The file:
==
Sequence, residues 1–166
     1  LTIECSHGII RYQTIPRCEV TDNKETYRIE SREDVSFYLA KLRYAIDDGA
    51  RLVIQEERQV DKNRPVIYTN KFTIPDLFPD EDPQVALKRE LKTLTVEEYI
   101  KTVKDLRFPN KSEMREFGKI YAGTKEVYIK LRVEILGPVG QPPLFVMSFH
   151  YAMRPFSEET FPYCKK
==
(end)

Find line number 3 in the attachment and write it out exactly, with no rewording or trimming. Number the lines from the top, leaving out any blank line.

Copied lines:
    51  RLVIQEERQV DKNRPVIYTN KFTIPDLFPD EDPQVALKRE LKTLTVEEYI